DSM: Re: Re: On Hybrid schools . . . Our Trojan Horse?

From: Warren McMillan (warren@bmts.com)
Date: Sun May 13 2001 - 14:45:10 EDT


Well, I've been lurking long enough. Alan's post has hooked me.

Alan writes
I wish that all schools were democratically run. They are not. One question,
> then, is how best to get them there. I worry that if we over-emphasize the
> "Magic Switch" principle, we run the risk of alienating those who might be
> on the same journey we are, but not in the same place as yet.

IMHO, the 'magic switch' is exactly the only approach ie. you are a sudbury
school or you are not. There are no degrees of change which will take a
traditional school by degrees to become a sudbury school. There are no
degrees of understanding that will move a parent to the realization of what
a sudbury school is. For them to get it is for the switch to flip and the
light goes on and they have that 'aha' experience. That's the only way.
Having taught in traditional schools for 25 years, I can tell you one
thing... they will never change. They have the abiltiy to co-opt any and
every educational innovation that comes along and keep right on doing what
they have always done.

----- Original Message -----
From: Alan Klein <Alan@klein.net>
To: <discuss-sudbury-model@sudval.org>
Sent: Friday, May 11, 2001 4:18 PM
Subject: DSM: Re: On Hybrid schools . . . Our Trojan Horse?

> Alan "Both-And" Klein here!
>
> What a fascinating discussion this has been (is being)! As someone has
> already noted, it seems to me to clearly demonstrate the notion of point
of
> view.
>
> >From the POV of a democratic school, either one is or is not a democratic
> school. One cannot "give" democracy to one's students, for that assumes
the
> ability to take it away. In many ways it is like a Magic Switch that is
> either turned on or off, but which has no middle position. I know this to
be
> true from my 8 years at The Highland School, a democratically run school
in
> WV.
>
> >From the POV of a student or teacher (or parent) in an authoritarian
school,
> there is a world of difference between Ms. Grundy and a teacher who is
> flouting convention by implementing limited democracy within their own
> classroom. I know - I was that teacher for several years in public schools
> in Ann Arbor. By no means do I claim to have been running a fully
democratic
> classroom, for I was within a decidedly undemocratic system. On the other
> hand, my students' experiences with democratic decision making (including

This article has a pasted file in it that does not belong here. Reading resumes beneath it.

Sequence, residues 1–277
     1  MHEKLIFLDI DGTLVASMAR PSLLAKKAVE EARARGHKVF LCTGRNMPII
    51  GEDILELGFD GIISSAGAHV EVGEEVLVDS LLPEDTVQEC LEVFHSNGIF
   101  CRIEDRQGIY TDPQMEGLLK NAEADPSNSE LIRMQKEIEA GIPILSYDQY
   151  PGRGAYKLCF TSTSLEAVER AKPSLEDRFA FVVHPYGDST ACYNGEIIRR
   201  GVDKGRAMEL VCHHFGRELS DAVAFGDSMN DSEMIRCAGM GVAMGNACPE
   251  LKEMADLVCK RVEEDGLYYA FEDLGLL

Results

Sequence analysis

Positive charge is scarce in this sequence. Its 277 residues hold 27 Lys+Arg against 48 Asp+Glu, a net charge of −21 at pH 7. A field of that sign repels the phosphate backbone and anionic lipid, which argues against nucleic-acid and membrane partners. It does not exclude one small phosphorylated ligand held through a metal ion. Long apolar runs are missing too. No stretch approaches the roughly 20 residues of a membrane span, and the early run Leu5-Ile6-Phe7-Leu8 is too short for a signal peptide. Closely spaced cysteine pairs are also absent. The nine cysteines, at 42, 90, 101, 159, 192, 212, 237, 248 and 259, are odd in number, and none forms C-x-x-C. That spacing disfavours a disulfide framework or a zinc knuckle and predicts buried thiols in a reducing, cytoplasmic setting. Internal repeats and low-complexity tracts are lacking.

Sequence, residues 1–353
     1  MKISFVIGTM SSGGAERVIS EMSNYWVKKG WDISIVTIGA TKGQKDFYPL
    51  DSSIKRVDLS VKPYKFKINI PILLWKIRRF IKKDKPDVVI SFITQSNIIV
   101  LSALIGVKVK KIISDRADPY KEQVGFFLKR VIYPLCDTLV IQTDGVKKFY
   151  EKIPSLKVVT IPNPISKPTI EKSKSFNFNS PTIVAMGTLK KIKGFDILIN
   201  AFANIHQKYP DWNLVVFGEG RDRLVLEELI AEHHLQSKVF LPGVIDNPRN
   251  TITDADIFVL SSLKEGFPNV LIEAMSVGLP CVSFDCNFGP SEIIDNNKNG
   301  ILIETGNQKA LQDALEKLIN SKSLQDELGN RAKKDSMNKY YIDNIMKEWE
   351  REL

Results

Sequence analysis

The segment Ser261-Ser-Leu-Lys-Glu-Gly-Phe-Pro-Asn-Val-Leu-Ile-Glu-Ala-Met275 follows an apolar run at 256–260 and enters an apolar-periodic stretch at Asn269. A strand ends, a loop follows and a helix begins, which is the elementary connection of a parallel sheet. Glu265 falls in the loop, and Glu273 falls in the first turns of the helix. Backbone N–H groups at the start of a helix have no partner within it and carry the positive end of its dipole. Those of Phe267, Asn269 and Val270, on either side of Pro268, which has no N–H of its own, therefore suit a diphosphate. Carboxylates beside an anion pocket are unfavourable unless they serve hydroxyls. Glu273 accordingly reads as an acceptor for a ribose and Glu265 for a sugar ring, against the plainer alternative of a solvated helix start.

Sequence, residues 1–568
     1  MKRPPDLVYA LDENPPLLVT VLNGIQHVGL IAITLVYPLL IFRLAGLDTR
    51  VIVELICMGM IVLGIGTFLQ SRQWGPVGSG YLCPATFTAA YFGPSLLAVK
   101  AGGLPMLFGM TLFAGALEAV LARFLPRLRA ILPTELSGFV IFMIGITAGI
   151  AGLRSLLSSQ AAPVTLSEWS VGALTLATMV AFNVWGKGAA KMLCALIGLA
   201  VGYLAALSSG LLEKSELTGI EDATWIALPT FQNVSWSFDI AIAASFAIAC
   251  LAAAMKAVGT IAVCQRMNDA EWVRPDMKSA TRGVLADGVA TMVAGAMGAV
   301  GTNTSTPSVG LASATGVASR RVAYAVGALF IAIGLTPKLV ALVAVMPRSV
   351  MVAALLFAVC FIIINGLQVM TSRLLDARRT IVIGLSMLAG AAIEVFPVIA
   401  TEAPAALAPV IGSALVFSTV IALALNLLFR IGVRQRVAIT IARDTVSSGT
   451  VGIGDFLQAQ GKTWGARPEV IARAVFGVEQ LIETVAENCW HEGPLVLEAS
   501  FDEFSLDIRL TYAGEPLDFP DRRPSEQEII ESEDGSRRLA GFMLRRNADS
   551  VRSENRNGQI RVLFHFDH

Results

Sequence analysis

> creating their own rules governing behavior and creating a judicial
process
> to enforce those rules) was of many orders of magnitude different than the
> experiences of students in traditionally run classrooms.
>
> I wish that all schools were democratically run. They are not. One
question,
> then, is how best to get them there. I worry that if we over-emphasize the
> "Magic Switch" principle, we run the risk of alienating those who might be
> on the same journey we are, but not in the same place as yet.
>
> If we over-emphasize the "Come-As-You-Are" principle, of course, we run
the
> risk of both watering down the philosophy and of having to deal with the
> very real negative effects of (usually) parents who want their kids to
> experience freedom, so long as they don't cuss, don't climb trees, and go
to
> classes!
>
> Ahhh, how to achieve balance?
>
> ~Alan Klein
>
> ----- Original Message -----
> > Sam here -
> > > You cannot be HALF PREGNANT.
> > >
> > >Of course you can!
> > >
> > >It's called "mid-term". And a little bit pregnant is can be
> > >can be considered " at the start of pregnancy".
> >
> > This is a specious semantic argument, and I'm not buying it. While many
> > conditions are not steady state, having a continuum, (shades of gray as
it
> > were) this is not one. Pregnancy is a steady state condition, you are or
> are
> > not. Being "mid-term", or anywhere in that condition is still in that
> > condition. Being "mid-term" is obviously being pregnant. If you were to
> > argue about transition effects " at the start of pregnancy", that razor
> thin
> > state where one transitions into pregnancy and which microsecond and
> > condition occurs in the flipping of the switch, I might be persuaded.
> HALF
> > PREGNANT meaning "mid-term" is cute, but inaccurate.
>
>
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